/ Toubkal sans guide!
Looking to climb Toubkal as part of 'lads long weekend' preferably without having to go down the commercial/guided route. I've done a bit of digging on the internet recently but there seems to be conflicting information concerning whether you can or can't climb Toubkal without the aid of a guide/commercial outfit.
Does anyone on here have any recent experience of doing this peak without a guide? If so, are there any major pit-falls/things to be aware of if going solo.
All members going on the trip are experienced climbers/walkers.
I climbed it without a guide at the end of a 4 or 5 day trek about 12 years ago. It was during the summer so it was a pretty simple walking peak. Not that I'd recommend it, but there were people walking up in sandals. We bivvied next to the hut.
I did Jebel Toubkal a few years ago, in May, without a guide. We stayed a night in Imlil, a night in the french refuge, then up to the top and back to Imlil for the night. No-one objected or even commented on the fact we had no guide.
At the time the snowline was about the level of the refuge. We took walking axes and crampons. Most of the guided groups only had crampons. Quality looked very variable, and at the top we met a french chap who seemed to have lost his guide and broken his crampons (we made a temporary repair for him).
As we had axes, we took our crampons off and glissaded down to the hut. In retrospect this was a mistake, as although it was great for us, we saw a few other folks trying to copy us. With no axe, that's pretty dangerous. I wouldn't do it again.
I climbed the December before last and whilst I went with guides there were plenty of people without. Some unfortunately had no idea where they were going so our guides had to help much to their annoyance.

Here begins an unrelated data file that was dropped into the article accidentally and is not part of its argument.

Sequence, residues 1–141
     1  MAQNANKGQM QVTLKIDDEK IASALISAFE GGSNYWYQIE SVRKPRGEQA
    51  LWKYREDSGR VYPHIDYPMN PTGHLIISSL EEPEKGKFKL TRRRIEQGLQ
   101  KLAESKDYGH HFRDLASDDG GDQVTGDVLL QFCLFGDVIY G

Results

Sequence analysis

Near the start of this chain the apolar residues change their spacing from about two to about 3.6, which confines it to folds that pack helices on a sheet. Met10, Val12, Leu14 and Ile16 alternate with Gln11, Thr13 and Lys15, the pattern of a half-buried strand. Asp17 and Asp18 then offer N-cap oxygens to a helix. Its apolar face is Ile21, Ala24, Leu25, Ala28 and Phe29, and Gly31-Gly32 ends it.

Took a dander up this with my Dad a few Christmases ago.
We didn't have a guide and used the Cicerone High Atlas book. IMO you will be fine with this provided you are a good route finder and confident in the snow/ice.
We stayed a night in Imlil. Then walked up and stayed a night in the french refuge. The next day it was up to the top and back to Imlil.
My 2cents.... We are both reasonably fit and confident on the snow etc so didn't set off as early as the other parties - it was a little brighter (though still dark) and easier then to find the way. Also, earplugs for the hut!!
After the murder of those two young women there are now multiple police checkpoints in place on the way to the refuge and at the refuge's themselves. You will not be allowed past these checkpoints without a local guide, it's relatively cheap and inexpensive to hire these Guides and well worth the money. There is also a curfew in place at the refuges for 9 p.m. you will not be allowed to leave the refuge after 9 p.m. and they are very funny about you arriving after 9 p.m.
The last information I have was from February last year when I took a group there, things me have loosened off since then but I'm not sure, I can't actually see it ever loosening off as it's guaranteeing local employment.
Did it in November 2019. You have to have a guide by law now, but the guides are just locals and are not expensive, and I certainly wouldnt call them a commercial outfit! Just find a guide from the local guides office in imlil when you get there and you can follow them up the hill. It won't really detract from the experience- it's not like its hard to find the way without a guide.
My impression is the OP is looking for advice in relation to do you need a guide following the murders in the area a year or so ago, rather than experiences/capabilities needed for the route itself.
I agree the advice is confusing so expect you're looking for advice from anyone who's done it in the last year?
FWIW we did it about 7 years ago without guide in late December, did in 1 day from refuge, got lost, went up wrong mountain for a bit, got hit by an avalanche, summited the right mountain and made it back to Imlil by nighttime.
> After the murder of those two young women ...
Hmm. Yes, my experiences posted above were before that happened. Sounds like they might not be that relevant anymore.
This Alpine Conditions page gives a summary of what is being climbed at the moment, what is 'in' nick and what the prospects are...
Base Jumper Tom Erik Heimen and trail runner Kilian Jornet "race" up & down the iconic Romsdalshorn (1550m) in Norway.